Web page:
SWWIM publishes, celebrates, & promotes women, women-identifying & Femme-presenting writers through a Miami-based reading series & the online poetry journal SWWIM Every Day.

The Chrysanthemums. Liège, 1968

First marriage, first party, first apartment.

I invited our boss the principal, and his wife,

 

both from the States, who I wished would

ask us over but who never did, so that

 

sometimes I cried after lunch in the bathroom

at school. On a concrete ledge beside the bed

 

in the one-room apartment, I placed

candles and a potted white chrysanthemum,

 

marked down at Delhaize, where I bought

haché de boeuf for my special meatloaf

 

and red-black wine in a plastic bottle.

At seven, when the guests arrived, I started

 

cooking the meatloaf and making apple pie.

In the pocket-sized kitchen, I finished the pie

 

and fixed the salad as my husband and guests

drank that wine, gazing despondently

 

out the window at the barges on the Meuse.

We ate at half past ten. The meatloaf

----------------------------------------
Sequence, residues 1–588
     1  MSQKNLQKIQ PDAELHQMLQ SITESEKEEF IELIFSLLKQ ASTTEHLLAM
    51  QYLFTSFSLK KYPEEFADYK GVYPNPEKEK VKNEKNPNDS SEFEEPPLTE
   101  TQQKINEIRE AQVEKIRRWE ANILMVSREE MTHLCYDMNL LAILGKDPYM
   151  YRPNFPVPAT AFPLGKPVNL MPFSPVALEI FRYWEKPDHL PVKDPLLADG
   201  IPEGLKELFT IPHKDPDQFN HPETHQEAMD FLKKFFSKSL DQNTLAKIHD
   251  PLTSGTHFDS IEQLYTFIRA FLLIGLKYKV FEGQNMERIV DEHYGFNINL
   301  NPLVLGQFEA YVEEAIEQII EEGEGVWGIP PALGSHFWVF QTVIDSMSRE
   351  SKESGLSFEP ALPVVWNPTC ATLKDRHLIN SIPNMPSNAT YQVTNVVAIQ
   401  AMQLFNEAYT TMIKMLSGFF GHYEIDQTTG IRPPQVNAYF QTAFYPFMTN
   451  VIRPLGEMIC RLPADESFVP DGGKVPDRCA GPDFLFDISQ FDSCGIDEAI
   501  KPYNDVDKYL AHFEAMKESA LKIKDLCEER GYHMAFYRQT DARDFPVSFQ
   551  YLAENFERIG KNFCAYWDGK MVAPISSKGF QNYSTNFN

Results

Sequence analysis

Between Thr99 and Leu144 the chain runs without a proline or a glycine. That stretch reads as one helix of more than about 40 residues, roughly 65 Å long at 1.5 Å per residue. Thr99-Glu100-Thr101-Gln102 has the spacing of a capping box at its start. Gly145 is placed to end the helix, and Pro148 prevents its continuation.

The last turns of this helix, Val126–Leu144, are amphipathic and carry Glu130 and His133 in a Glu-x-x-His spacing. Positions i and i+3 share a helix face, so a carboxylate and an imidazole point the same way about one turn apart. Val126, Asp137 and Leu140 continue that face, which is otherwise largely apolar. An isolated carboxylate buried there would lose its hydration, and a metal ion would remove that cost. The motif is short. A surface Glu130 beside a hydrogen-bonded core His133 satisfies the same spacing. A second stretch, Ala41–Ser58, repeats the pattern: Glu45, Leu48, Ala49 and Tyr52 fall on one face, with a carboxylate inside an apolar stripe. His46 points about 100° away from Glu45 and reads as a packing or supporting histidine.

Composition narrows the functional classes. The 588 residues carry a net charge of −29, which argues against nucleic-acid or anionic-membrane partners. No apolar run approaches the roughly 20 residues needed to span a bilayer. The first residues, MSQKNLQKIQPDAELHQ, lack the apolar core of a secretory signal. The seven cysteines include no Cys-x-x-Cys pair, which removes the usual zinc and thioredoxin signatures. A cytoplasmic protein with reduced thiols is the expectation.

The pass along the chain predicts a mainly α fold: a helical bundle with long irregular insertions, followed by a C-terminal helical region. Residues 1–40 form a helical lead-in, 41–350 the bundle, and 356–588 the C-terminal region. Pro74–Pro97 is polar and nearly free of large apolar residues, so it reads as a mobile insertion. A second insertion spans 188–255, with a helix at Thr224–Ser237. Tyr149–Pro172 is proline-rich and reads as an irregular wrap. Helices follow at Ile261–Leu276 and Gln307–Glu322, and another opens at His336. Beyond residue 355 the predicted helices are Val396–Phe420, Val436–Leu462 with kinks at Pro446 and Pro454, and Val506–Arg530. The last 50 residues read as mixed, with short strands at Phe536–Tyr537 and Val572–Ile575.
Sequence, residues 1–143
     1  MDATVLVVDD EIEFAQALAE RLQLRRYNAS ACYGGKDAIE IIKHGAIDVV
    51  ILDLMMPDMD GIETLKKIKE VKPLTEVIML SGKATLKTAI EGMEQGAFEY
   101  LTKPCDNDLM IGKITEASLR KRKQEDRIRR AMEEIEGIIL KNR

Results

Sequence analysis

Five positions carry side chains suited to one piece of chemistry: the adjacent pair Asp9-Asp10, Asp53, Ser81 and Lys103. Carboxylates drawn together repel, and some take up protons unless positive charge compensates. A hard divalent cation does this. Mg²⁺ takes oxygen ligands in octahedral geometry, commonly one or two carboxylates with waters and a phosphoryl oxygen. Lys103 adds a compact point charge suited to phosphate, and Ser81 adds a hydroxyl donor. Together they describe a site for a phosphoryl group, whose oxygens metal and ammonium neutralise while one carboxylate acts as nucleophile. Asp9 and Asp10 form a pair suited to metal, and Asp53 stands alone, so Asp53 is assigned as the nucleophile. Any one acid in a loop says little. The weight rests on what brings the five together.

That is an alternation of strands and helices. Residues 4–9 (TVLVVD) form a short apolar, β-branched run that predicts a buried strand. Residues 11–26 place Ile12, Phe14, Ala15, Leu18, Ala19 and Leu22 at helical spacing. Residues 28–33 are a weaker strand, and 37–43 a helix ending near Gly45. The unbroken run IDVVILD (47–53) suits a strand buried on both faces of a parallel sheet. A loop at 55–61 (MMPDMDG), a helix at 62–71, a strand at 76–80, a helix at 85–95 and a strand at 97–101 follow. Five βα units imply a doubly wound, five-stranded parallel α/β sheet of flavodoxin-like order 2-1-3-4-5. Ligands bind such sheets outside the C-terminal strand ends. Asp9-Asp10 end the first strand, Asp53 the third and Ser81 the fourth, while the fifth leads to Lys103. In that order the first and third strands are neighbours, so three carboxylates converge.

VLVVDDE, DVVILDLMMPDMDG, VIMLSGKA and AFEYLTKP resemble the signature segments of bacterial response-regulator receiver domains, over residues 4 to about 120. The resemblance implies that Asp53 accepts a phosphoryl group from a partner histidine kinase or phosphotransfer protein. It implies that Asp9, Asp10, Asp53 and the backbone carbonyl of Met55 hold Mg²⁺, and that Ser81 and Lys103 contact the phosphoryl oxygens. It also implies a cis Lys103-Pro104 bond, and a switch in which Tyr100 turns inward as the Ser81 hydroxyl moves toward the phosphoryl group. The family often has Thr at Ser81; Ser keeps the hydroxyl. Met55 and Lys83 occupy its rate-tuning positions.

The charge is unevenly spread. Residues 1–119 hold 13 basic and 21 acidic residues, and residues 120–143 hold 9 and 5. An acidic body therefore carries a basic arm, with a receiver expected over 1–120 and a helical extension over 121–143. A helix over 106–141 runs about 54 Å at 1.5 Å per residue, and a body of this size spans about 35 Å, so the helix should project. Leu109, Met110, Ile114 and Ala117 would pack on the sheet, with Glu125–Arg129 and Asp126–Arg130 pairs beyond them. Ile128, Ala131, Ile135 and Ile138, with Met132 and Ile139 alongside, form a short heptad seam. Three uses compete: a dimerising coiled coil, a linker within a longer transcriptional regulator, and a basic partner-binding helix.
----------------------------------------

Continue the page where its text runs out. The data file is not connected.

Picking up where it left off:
was a failure, the hardboiled eggs baked

in the meatloaf had turned rubbery and gray,

 

the wine could peel paint. My husband

struggled to keep up conversation.

 

The principal’s wife smirked, said, Oh my,

you don’t know about the chrysanthemums?

                        .           .           .

 

But why smirk at my flowers—even if,

as I learned, they were leftovers marked down

 

after All Souls’ Day, intended only to decorate

graves? My father died when I was fifteen,

 

when the spider chrysanthemums

in my parents’ back yard were blooming,

 

white feathery petals trailing in the mud

after the autumn rains. And since then it always

 

seemed to me that white chrysanthemums

blooming among rain-soaked shadows

 

were like the beautiful ghost

in the film of a Noh play that my father once

 

took me to see, the ghost that appears at twilight

by a temple, to the wanderer in a far country.


Ann Fisher-Wirth’s sixth book of poems is The Bones of Winter Birds (Terrapin Books 2019). Ann collaborated with photographer Maude Schuyler Clay for Mississippi (Wings Press 2018), and coedited The Ecopoetry Anthology with Laura-Gray Street (Trinity UP 2013). Ann has had Fulbrights to Switzerland and Sweden, and residencies to Djerassi, The Mesa Refuge, Hedgebrook, and CAMAC/France. A senior fellow of the Black Earth Institute, and 2017 Poet-in-Residence at Randolph College, she teaches at the University of Mississippi.

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